Julie Buntin’s ‘Marlena’ beautifully tells heartbreaking story of teenage friendship and loss

Megan Hanner

Books come out all the time. Some are better than others. But sometimes, a book comes and tells a story that stays with a reader for a time after turning that last page. Written by debut author Julie Buntin, “Marlena” has been one of the most anticipated novels of 2017, and it does not disappoint.

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“Marlena” is Julie Buntin’s debut novel. Photo credit: Megan Hanner



“Marlena” follows the friendship of Catherine and Marlena, two teenage girls living in Silver Lake, Michigan. After Catherine’s parents divorced, she, along with her mother and brother, moved to Silver Lake. There she met Marlena. What follows is a story of teenage angst, drug use, family issues, abuse and finding friendship in the darkness.

Well into her late 30s, Catherine tells the reader her story of Marlena. Though they were only in one another’s lives for a brief period of time, Marlena’s invaluable friendship had an impact on Catherine, an impact that she still ponders years after Marlena’s tragic death.

“Marlena” is not a light read. At 271 pages, the book seems like it is pretty small, but this does not mean a thing. “Marlena” tackles very deep subject matters that makes it an extremely tough read at times. A reader might need to put the novel down after a chapter to fully absorb what they just read. Tears also might be a part of this reading experience.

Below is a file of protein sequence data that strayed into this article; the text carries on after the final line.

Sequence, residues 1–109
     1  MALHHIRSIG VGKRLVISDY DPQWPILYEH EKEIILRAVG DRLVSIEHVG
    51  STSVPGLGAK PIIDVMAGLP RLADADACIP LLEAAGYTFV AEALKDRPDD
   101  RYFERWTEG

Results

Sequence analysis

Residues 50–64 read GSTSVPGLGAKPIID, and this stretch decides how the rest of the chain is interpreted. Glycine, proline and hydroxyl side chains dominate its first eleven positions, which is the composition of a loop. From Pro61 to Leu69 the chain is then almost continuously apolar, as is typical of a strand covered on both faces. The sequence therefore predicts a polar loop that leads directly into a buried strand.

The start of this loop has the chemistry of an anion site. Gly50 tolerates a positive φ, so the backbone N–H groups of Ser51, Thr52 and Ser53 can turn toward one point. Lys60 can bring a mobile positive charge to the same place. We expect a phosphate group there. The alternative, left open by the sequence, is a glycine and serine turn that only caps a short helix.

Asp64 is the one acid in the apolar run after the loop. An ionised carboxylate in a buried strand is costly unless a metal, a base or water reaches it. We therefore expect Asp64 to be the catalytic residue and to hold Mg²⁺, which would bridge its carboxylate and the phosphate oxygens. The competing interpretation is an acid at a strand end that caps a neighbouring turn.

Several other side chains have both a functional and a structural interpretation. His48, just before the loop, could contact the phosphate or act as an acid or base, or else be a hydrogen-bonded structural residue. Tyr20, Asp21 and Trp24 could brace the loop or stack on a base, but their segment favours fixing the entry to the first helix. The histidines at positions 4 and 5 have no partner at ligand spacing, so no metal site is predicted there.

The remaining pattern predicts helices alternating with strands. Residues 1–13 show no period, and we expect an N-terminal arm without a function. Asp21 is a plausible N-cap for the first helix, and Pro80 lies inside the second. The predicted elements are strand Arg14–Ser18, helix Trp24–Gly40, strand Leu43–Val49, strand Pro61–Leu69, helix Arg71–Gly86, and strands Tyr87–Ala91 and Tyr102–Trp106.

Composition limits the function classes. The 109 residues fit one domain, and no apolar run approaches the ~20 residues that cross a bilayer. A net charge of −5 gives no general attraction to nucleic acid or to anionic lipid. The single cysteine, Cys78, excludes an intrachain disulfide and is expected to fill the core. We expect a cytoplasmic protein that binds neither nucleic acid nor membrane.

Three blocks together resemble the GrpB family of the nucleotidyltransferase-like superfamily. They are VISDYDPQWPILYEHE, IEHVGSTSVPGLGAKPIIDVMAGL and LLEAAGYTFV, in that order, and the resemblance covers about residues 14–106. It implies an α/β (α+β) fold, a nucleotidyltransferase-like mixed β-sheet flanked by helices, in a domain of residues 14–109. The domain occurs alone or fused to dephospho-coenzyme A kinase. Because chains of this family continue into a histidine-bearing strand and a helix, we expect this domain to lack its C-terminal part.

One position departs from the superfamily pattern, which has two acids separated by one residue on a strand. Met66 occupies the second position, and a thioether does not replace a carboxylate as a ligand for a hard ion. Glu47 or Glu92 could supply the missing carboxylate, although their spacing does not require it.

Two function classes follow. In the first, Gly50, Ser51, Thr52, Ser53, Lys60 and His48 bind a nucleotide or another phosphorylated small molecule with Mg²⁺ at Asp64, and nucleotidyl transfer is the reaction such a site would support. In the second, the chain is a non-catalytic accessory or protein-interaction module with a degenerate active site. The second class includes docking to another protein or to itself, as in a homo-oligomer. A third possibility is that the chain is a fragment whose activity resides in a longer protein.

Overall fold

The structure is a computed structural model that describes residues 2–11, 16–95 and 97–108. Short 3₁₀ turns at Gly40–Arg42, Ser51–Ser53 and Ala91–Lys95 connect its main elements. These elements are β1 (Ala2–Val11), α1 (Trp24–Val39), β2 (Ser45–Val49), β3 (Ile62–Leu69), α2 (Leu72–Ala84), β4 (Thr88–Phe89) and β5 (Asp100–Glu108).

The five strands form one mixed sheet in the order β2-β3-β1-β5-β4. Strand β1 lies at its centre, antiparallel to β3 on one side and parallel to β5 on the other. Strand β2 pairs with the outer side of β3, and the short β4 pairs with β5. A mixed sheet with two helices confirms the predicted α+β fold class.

However, dark subject matters should not be a reason to avoid this book. “Marlena” addresses issues that are often avoided in the teenage sphere. Drug addiction plagues various characters in this book, and Buntin shines a light on the effects of drugs in a beautifully raw story.

Dark subject matters aside, “Marlena” also addresses the basic issues teenagers face. Questions of sexuality and lack of self confidence are only a few teenage issues explored in “Marlena.” What makes this book unique, however, are Catherine’s experiences and thoughts in which the reader can see through her eyes.

Buntin’s writing is simply fantastic. She writes in a manner that will make a reader stop and reread a sentence over and over just to absorb her prose. Buntin clearly knows how to use words in a deep and impactful way to get her message across. This fact is clear from the very first page.

Perhaps the best thing about “Marlena” are the universal messages it sends. You do not have to be a teenage girl to learn from this book. With all the different struggles it details, “Marlena” can be relatable to anyone.

Should you read it? Yes.  

Though the subject matter can be intense, “Marlena” is definitely worth checking out. Beautifully written and heartbreakingly sincere, any reader from any demographic can learn from this book. Loss is something we all must deal with at some point. “Marlena” shows us how loss can affect our lives and shape who we become. It also teaches the importance of appreciating those we love each day. But the most important lesson it teaches is one that is the hardest to learn: there is hope that can be found though the darkness.

Collegian reporter Megan Hanner can be reached at entertainment@collegian.com or on Twitter @meganhanner48.